Bupropion is used to treat depression and to prevent depression in patients with seasonal affective disorder (SAD), which is sometimes called winter depression. It is also used as part of a support program to help people stop smoking.
Bupropion is sold under different brand names. If you are already taking medicine for depression or to help you stop smoking, discuss this with your doctor before taking bupropion. It is very important that you receive only one prescription at a time for bupropion.
This medicine is available only with your doctor's prescription.
In deciding to use a medicine, the risks of taking the medicine must be weighed against the good it will do. This is a decision you and your doctor will make. For this medicine, the following should be considered:
Tell your doctor if you have ever had any unusual or allergic reaction to this medicine or any other medicines. Also tell your health care professional if you have any other types of allergies, such as to foods, dyes, preservatives, or animals. For non-prescription products, read the label or package ingredients carefully.
Appropriate studies have not been performed on the relationship of age to the effects of bupropion in the pediatric population. Studies with other medicines used for depression have shown that some children, teenagers, and young adults think about suicide or attempt suicide when taking these medicines. Because of this potential unwanted effect, use in children is not recommended.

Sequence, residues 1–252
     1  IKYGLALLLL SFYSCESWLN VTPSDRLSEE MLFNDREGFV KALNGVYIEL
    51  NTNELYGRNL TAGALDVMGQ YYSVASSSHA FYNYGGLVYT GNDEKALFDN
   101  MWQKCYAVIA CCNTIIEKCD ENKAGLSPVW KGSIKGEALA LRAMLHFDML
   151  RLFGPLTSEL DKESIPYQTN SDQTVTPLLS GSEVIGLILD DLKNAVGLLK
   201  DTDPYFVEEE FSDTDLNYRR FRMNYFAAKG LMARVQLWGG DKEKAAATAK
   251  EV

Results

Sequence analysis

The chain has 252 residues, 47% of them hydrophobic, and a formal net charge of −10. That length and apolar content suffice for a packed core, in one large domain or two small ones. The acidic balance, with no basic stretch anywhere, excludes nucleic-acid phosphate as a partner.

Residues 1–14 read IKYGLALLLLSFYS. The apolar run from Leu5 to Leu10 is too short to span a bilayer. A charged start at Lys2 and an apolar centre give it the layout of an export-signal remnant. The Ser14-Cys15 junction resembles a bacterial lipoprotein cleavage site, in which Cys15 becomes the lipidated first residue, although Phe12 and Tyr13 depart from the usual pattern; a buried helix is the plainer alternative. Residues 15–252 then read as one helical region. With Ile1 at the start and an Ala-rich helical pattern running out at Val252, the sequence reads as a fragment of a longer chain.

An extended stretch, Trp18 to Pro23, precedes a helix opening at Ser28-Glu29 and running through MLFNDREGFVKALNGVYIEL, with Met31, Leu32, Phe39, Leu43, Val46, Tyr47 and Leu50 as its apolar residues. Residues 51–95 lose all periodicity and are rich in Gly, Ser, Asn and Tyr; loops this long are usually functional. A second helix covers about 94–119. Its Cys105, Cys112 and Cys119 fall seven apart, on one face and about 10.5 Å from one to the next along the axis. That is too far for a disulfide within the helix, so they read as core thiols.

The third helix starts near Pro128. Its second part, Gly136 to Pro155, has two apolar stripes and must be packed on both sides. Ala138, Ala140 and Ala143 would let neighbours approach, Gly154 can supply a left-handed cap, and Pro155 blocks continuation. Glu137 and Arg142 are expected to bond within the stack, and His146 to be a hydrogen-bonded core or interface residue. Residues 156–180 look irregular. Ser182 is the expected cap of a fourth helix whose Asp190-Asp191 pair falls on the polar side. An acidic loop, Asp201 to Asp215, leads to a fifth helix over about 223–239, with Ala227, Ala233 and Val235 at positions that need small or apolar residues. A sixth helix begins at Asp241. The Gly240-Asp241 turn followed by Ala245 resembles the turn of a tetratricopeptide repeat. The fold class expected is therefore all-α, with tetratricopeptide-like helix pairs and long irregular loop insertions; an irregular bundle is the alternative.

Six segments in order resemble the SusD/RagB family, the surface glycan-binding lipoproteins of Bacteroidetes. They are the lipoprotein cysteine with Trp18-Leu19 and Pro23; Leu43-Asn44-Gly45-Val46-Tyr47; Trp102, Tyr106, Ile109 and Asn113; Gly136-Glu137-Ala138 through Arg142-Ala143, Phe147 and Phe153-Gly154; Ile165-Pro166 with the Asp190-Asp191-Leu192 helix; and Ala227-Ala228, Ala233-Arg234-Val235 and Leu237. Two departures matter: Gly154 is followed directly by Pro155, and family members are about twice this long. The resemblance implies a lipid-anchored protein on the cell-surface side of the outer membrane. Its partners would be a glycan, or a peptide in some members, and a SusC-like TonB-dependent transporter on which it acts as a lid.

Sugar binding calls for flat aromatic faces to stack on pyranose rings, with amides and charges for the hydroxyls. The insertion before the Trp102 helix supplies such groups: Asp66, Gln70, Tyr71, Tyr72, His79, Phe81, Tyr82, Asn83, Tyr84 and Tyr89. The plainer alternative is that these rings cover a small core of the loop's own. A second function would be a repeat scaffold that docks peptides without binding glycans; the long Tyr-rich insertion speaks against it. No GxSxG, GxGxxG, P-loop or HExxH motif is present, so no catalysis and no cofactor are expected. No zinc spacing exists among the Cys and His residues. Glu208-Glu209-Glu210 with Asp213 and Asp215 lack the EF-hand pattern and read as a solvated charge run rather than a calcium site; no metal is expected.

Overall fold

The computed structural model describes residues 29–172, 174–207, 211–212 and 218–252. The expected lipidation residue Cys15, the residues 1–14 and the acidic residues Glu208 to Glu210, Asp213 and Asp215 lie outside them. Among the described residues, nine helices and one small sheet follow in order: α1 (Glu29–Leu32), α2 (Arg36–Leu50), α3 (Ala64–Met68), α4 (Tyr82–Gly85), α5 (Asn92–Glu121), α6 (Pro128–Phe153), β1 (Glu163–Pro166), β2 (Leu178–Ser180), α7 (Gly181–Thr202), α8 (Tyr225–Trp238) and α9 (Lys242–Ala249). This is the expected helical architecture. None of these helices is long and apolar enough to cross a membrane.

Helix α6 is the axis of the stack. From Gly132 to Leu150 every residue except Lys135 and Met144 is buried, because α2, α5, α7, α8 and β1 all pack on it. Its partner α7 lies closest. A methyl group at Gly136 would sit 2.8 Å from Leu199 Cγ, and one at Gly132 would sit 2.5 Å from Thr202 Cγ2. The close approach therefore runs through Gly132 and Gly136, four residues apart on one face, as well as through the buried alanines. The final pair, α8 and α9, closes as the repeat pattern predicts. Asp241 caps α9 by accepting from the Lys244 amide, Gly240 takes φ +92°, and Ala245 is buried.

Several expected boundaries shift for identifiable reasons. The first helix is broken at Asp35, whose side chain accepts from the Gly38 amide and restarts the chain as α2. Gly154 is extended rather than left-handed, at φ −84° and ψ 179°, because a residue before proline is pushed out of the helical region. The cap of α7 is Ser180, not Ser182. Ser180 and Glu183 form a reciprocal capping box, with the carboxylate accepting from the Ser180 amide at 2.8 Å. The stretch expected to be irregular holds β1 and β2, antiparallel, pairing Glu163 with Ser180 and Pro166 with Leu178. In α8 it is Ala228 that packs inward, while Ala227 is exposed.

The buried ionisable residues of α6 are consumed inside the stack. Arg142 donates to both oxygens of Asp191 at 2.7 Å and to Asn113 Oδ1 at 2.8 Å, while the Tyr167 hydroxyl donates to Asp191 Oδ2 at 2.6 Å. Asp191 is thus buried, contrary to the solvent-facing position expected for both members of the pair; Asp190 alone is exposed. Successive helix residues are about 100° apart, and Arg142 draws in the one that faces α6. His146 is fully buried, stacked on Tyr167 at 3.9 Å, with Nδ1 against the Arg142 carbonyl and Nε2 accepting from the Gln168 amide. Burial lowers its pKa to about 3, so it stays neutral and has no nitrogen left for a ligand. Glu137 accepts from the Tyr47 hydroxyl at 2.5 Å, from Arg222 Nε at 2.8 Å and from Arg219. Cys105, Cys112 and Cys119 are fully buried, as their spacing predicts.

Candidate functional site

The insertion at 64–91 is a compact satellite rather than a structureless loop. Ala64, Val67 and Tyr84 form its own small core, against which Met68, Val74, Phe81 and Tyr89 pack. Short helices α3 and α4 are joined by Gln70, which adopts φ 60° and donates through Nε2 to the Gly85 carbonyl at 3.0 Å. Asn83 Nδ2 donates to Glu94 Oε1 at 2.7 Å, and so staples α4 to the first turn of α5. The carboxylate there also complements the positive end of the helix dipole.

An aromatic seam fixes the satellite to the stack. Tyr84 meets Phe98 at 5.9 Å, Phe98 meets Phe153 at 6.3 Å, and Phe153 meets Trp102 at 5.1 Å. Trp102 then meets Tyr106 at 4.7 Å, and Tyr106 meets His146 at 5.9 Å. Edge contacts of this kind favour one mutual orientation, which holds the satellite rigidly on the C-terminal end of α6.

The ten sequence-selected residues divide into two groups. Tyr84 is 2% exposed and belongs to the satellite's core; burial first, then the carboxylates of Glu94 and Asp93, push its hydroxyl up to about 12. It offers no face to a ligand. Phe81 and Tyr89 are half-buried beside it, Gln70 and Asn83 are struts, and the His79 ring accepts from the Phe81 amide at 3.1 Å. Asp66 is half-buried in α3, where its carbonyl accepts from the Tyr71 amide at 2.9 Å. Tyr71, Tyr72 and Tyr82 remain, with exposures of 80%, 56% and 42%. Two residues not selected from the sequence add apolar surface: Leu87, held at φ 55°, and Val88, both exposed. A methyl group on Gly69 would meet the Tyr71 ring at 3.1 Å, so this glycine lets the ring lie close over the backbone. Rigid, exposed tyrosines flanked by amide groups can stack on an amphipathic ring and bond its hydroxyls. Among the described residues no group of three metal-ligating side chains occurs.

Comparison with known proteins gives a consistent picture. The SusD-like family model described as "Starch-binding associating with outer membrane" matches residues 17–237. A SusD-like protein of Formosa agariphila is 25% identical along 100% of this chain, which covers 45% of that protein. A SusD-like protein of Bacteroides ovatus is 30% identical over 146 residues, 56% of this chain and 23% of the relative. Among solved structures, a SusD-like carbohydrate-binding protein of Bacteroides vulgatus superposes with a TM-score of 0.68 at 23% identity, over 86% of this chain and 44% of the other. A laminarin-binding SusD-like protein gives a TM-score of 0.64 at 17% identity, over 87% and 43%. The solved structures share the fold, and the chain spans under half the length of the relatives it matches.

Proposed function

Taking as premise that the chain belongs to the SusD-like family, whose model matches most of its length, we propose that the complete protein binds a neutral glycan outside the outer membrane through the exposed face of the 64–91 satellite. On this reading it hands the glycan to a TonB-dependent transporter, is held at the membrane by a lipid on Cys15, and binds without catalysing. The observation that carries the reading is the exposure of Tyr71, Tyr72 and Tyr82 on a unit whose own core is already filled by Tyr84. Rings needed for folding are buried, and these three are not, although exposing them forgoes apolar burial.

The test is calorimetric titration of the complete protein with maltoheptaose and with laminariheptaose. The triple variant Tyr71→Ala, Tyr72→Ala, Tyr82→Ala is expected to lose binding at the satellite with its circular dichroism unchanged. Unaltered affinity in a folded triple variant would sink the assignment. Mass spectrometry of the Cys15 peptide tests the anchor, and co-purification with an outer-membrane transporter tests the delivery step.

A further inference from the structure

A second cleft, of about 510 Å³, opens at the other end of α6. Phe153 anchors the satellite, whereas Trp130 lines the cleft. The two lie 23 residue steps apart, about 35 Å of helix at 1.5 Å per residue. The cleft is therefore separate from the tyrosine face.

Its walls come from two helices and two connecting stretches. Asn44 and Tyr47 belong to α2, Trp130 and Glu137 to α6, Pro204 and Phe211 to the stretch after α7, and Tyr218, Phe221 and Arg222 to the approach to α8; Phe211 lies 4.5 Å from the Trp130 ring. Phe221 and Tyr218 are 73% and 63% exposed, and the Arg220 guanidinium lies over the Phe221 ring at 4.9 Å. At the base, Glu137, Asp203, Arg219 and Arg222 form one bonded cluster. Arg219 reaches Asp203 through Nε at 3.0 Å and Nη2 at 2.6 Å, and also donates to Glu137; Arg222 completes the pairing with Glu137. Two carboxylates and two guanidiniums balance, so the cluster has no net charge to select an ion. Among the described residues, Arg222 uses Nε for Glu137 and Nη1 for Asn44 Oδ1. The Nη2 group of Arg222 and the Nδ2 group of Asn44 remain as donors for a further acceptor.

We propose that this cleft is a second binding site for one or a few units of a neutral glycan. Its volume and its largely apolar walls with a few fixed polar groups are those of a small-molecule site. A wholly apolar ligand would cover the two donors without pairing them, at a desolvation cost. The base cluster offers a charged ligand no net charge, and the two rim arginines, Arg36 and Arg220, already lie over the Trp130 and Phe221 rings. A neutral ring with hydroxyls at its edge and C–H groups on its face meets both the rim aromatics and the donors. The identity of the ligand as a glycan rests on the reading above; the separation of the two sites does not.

Appropriate studies performed to date have not demonstrated geriatric-specific problems that would limit the usefulness of bupropion in the elderly. However, elderly patients may be more sensitive to the effects of this medicine and are more likely to have age-related kidney or liver problems, which may require caution and an adjustment in the dose for patients receiving bupropion.
|All Trimesters||C||Animal studies have shown an adverse effect and there are no adequate studies in pregnant women OR no animal studies have been conducted and there are no adequate studies in pregnant women.|
There are no adequate studies in women for determining infant risk when using this medication during breastfeeding. Weigh the potential benefits against the potential risks before taking this medication while breastfeeding.